There is no need to make a backup of this file. Upon deletion it is automatically recreated from registry information. You shouldn’t migrate this file between computers as there is no need to do so since it is recreated from information on the local computer. When migrating, you’ll likely end up corrupting the configuration.
Not needed
Local: Local Profile Settings
views.dat Contains view settings for displaying of the folders.
This file is used by Outlook XP/2002 and previous and no longer used by later versions of Outlook as since Outlook 2003 this information is contained in the mailbox or pst-file.
You can make a backup of this file for local use when you still use Outlook XP/2002 or previous but due to in-file dependencies you shouldn’t attempt to migrate this file.
Not possible
Location: Roaming Profile Settings
frmcache.dat Forms Cache
A cache file holding information about the cached custom forms in the local Forms folder. If it gets corrupted, custom forms might prevent from loading, display older versions of the form or my cause other unexpected results. Recovering can be achieved by clearing the folder which can be done in several ways.
Not needed
Location: Forms Local Cache
Normail.dot Normal.dot is the default file Word 2003 and previous use to store settings such as formatting styles, AutoText, custom toolbars and macros.
When you use Word as your email editor, in Outlook 2003 or previous, then this file gets loaded as well. It is also used when you have Word set as your default HTML editor and use the “Advanced Editor” to create a signature.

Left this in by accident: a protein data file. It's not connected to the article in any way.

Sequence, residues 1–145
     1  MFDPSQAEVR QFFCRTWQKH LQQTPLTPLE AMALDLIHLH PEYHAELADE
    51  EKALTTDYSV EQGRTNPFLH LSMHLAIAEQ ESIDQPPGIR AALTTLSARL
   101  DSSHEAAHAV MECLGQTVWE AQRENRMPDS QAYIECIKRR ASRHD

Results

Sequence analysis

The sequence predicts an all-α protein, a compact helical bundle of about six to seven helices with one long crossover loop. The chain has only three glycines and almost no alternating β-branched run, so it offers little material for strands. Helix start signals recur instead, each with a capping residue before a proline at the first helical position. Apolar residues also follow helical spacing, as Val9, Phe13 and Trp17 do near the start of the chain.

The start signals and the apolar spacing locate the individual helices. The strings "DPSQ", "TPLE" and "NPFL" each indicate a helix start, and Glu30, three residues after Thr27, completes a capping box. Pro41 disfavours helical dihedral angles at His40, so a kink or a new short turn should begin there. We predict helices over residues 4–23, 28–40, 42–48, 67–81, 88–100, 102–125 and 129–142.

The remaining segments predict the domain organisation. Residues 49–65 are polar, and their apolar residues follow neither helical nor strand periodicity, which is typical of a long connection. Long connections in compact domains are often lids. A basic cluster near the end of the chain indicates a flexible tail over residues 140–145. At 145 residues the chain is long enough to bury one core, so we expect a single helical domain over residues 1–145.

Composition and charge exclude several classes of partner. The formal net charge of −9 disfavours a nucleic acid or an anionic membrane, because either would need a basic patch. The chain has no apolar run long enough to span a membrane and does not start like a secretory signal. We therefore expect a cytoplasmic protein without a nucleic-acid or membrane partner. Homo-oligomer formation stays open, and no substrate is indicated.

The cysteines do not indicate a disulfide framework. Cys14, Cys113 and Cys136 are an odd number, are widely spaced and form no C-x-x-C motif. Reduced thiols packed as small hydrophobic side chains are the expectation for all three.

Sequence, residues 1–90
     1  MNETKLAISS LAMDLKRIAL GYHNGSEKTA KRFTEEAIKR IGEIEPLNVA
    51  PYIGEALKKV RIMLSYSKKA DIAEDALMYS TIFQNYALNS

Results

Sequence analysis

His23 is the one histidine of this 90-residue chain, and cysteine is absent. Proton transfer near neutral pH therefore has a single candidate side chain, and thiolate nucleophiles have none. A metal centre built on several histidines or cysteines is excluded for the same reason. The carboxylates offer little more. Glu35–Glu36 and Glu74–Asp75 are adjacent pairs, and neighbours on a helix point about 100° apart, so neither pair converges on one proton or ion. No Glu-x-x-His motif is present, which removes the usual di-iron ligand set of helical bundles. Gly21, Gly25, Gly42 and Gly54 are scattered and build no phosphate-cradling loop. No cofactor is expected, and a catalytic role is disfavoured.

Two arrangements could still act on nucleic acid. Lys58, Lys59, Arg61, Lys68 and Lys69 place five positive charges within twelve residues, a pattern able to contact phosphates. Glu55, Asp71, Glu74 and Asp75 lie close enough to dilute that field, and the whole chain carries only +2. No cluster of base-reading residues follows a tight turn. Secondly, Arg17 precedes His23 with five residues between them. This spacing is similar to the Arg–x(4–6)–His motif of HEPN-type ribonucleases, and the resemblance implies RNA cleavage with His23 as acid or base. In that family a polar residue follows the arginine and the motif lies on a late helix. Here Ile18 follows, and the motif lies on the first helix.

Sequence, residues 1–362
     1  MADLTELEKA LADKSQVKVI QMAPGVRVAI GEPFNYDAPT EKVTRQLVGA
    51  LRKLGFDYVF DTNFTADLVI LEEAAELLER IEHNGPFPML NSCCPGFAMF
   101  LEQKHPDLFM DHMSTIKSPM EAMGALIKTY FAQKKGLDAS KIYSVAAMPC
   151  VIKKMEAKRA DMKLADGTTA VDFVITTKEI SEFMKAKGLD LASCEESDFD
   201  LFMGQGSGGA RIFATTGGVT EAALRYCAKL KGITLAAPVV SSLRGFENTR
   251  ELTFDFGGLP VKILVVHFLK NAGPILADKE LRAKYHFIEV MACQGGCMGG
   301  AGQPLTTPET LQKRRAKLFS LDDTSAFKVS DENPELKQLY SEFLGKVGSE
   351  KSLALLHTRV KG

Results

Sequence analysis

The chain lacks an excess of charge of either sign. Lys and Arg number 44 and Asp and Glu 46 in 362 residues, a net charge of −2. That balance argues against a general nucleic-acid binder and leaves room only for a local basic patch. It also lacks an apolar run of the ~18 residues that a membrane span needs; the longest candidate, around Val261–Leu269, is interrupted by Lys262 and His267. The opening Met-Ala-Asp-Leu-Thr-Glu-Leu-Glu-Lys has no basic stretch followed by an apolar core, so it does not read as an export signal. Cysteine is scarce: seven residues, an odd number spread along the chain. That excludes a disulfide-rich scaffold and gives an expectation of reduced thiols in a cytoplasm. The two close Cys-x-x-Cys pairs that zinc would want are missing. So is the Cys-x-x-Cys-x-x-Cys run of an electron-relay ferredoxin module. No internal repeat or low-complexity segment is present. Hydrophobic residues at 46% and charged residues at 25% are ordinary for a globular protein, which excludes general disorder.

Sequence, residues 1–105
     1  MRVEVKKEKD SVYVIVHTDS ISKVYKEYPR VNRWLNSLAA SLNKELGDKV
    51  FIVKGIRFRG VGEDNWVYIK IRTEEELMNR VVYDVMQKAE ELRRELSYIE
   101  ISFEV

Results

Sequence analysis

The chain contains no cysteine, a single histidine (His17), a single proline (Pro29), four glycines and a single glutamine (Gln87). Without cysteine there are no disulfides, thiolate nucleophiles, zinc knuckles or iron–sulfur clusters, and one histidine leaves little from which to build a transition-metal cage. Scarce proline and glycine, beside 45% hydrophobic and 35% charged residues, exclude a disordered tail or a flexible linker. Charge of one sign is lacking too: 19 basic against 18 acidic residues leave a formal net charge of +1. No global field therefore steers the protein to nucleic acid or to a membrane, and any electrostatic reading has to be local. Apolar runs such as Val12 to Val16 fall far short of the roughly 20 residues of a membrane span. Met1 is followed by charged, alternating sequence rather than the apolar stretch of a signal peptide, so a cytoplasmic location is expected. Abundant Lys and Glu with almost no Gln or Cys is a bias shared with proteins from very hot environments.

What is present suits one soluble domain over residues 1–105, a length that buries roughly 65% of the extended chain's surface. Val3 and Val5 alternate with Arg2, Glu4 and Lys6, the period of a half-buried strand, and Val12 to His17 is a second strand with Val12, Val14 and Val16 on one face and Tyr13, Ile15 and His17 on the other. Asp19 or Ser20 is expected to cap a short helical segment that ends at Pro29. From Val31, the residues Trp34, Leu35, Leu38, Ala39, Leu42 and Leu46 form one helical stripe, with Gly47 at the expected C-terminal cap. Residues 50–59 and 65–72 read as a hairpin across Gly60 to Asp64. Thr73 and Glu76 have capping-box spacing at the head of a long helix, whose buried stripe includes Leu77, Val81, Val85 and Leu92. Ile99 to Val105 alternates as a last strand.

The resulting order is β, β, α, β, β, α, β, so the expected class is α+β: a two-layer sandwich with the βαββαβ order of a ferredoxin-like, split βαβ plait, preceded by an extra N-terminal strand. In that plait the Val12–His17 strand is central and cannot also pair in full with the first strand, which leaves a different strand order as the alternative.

If the normal.dot file gets corrupted or if certain addins or ActiveX components are installed in Word, this will affect Outlook’s behavior as well. Resetting the normal.dot file can be done by renaming it to .old.
This file should be backed up if you made custom changes and the file can be migrated between machines although certain addin dependencies can prevent it from working correctly.
Possible
Location: Templates
NormalEmail.dotm NormalEmail.dotm is similar to the normal.dot file and has been introduced in Outlook 2007 to support the new email editor and to break the dependencies with Word and to offer Outlook specific support. Quick Parts information is also stored in this file.
This file should be backed up if you made custom changes and the file can be migrated between machines.
Possible
Location: Templates
custom.dic This file contains the words which you add to the dictionary via the spell check options. Since Outlook 2007 it is stored in the Unicode format and its location changed from the Proof folder to the UProof folder.
This is a shared file between other Office applications. The file can be edited via the spell check options in the Office applications that use it or directly via Notepad.
This file should be backed up if you made custom changes and the file can be migrated between machines.
Possible
Location: Proof (Outlook 2003 and previous)
Location: UProof (Since Outlook 2007)
MSO####.acl Plain Text AutoCorrect entries are store in this file. The #### is replace with the localized language ID number for the language it applies to. For instance, the English version is named MSO1033.acl, the Dutch version MSO1043.acl and the German version MSO1031.acl. You can find an overview of the numbers here. You need to look in the “LCID Dec” column for the correct number.
This is a shared file between other Office applications. The file can be edited via the AutoCorrect options in the Office applications.
This file should be backed up if you made custom changes and the file can be migrated between machines.